Certainly Crick himself has been instrumental in several major exposés that have shaken British politics; at present he’s focussing on the issue of campaign finances during the 2015 election. Crick contends that the Tories spent at least twice as much as they were legally allowed to during campaigning for the South Thanet seat, principally to prevent UKIP leader Nigel Farage from gaining a seat. It’s clear that Crick feels strongly about this, and one can easily sympathise with his argument that “The reason for expense limits is to create some kind of a level playing field, and prevent the money-driven politics that’s prevalent in America.”
American politics is, of course, one of the most topical issues these days, with Donald Trump in particular making headlines on both sides of the Atlantic. Crick isn’t particularly happy about this, “it is outrageous,’ he says, “the way in which all of us in the media are giving the American elections so much coverage.” He notes, quite rightly, that the French presidential elections are given a tiny fraction of the coverage received by the American campaign, despite France lying merely 20 miles off the south coast.
Nonetheless, Crick is clearly interested in American politics – unsurprising, considering his former work as Channel 4’s Washington correspondent. He gives Trump “about a 35% chance” at winning the presidency, explaining that Britons ‘always misunderstand the American right’ – our perception of America is based on visiting liberal bastions like New York or Boston, whilst in the American heartland people like Trump are able to tap into a huge amount of anger at the government.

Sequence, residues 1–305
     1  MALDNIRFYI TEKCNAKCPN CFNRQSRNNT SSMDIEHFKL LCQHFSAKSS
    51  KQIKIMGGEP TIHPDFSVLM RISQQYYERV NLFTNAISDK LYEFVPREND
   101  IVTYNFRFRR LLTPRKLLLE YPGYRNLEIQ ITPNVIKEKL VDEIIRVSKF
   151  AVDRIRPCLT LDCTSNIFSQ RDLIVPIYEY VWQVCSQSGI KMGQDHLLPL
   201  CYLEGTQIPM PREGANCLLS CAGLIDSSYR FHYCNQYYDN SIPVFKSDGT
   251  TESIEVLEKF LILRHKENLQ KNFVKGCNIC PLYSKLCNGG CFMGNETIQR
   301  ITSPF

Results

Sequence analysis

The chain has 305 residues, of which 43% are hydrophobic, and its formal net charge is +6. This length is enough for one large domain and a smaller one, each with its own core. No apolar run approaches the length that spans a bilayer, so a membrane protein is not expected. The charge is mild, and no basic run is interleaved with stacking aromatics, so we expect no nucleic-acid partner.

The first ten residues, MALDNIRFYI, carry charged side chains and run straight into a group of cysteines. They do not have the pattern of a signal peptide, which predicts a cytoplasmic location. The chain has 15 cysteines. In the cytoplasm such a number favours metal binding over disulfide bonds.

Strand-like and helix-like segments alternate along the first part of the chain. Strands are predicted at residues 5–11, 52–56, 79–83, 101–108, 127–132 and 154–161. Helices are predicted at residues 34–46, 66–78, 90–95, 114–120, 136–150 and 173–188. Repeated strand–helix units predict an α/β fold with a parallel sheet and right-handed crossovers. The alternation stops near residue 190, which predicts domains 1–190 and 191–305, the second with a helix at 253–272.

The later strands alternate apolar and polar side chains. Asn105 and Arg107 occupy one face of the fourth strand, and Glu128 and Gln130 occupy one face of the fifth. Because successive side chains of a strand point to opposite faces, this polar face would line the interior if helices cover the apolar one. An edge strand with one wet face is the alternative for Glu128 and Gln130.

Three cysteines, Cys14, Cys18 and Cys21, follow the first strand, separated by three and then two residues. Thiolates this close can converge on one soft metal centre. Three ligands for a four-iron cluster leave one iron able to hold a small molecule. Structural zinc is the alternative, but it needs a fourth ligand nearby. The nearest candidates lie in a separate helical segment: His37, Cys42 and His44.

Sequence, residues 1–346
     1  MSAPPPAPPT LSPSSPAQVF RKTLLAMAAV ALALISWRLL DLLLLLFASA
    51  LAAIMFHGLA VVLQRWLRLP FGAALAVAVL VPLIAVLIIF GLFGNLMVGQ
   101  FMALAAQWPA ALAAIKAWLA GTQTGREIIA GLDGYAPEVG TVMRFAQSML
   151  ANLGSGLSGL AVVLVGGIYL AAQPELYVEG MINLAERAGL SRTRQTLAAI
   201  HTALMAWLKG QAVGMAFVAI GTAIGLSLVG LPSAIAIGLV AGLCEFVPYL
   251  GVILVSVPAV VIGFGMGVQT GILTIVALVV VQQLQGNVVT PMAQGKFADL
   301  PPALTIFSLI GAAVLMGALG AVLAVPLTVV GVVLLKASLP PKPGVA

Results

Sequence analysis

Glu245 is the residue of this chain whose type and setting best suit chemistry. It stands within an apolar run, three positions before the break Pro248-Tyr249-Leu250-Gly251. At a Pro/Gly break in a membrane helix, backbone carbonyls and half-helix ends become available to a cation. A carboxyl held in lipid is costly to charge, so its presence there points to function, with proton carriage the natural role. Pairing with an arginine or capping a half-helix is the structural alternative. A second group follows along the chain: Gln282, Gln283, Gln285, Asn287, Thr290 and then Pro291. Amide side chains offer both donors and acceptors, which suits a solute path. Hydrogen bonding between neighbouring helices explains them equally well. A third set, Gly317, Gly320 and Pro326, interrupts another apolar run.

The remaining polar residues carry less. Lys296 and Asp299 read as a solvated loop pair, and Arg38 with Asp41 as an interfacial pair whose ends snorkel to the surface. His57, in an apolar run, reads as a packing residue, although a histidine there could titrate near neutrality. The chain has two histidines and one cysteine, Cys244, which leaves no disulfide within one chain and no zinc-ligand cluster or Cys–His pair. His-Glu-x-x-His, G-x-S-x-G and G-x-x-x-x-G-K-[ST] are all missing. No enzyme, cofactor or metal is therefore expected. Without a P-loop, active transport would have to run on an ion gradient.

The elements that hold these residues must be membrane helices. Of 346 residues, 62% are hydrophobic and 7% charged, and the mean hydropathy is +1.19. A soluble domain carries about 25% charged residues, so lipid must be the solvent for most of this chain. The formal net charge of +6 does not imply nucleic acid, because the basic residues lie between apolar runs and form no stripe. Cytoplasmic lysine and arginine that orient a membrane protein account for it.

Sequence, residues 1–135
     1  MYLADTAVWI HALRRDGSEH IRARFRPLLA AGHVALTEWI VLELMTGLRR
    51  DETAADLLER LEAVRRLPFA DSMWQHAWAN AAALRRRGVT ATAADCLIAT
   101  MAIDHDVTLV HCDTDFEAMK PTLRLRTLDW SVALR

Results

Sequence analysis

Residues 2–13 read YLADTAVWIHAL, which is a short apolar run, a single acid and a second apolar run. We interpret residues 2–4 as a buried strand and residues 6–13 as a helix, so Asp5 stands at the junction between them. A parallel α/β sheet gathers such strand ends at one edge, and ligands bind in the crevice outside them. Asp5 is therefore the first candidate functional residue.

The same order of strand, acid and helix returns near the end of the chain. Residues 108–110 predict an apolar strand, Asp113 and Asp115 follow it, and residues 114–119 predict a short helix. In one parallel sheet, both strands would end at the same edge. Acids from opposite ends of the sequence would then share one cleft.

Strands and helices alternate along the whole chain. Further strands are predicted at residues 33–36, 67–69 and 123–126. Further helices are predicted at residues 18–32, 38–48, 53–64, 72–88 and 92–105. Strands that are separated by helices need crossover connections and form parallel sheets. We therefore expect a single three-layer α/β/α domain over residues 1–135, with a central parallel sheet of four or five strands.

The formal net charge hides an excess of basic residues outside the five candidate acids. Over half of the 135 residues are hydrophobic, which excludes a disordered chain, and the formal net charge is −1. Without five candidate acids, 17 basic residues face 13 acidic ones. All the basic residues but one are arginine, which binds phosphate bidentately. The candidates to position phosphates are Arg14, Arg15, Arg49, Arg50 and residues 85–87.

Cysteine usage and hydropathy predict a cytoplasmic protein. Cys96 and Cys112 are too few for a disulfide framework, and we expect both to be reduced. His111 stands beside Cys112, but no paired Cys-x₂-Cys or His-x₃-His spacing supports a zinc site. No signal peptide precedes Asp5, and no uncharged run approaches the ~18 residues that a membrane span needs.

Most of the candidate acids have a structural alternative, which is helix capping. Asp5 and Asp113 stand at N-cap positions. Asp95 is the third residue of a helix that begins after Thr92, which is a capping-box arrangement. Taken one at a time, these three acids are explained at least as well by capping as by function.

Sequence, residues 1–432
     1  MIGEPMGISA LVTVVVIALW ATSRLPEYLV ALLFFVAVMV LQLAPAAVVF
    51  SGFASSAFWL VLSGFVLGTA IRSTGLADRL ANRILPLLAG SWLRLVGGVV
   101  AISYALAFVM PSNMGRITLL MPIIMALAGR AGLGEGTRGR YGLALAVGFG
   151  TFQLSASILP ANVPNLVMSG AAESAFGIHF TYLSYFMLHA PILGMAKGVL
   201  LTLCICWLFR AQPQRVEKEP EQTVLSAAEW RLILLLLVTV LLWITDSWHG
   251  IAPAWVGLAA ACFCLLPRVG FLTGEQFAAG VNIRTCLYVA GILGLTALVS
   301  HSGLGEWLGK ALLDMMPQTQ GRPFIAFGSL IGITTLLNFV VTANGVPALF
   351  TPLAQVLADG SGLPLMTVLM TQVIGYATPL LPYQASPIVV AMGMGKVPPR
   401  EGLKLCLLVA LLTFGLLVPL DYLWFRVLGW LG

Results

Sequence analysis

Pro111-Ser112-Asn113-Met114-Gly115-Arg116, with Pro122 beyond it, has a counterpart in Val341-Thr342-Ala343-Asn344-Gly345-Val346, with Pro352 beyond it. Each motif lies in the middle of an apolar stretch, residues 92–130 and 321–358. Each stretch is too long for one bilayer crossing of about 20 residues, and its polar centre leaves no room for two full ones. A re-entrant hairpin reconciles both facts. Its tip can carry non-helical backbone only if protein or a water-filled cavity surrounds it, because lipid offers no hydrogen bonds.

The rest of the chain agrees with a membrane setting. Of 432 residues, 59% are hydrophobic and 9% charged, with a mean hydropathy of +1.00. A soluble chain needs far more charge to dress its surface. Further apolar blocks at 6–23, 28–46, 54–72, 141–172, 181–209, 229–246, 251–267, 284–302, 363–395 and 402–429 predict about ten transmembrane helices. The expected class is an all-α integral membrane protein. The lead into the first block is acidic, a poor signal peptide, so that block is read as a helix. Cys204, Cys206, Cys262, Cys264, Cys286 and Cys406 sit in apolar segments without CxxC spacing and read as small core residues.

Back home, politics is equally unstable, especially with the looming referendum on a British exit from the EU. Crick’s view is that even if Britain votes to remain, Cameron may well have to go as leader. “There’s been an arrogance and heavy-handedness about the Downing Street operation so far which has alienated Tory MPs.” So who will follow him as Tory leader? At present the two front-runners are George Osborne and Boris Johnson – Crick argues that “Boris Johnson has got to be the overwhelming favourite” , but hastens to add that predictions about party leaders are almost invariably wrong.
This holds true for the Labour Party too. Jeremy Corbyn was principally elected, he says, due to “a dearth of talent in the Labour ranks.” At present there’s a tension between the exceedingly left-wing rank and file of the party, and its more centrist representation in Parliament. As such it’s tough to predict who might follow Corbyn when the inevitable coup against him arrives. Crick advises the audience to keep an eye on the talented and popular ex-soldier Dan Jarvis, but again warns that “the general rule with leadership elections is that the winner is someone who nobody would have predicted 18 months before.”
Voluble and loquacious, Michael Crick is a thorough raconteur. In the course of a fifteen-minute interview it becomes clear that he is a man with a range of strong opinions; some controversial, all articulately and wittily expressed. Unafraid to cause a bit of controversy, he proudly relates how “If someone tries to bully me now, I’ll just bully them back.”
In a world increasingly dominated by spin and hype, British politics needs Michael Crick more than ever.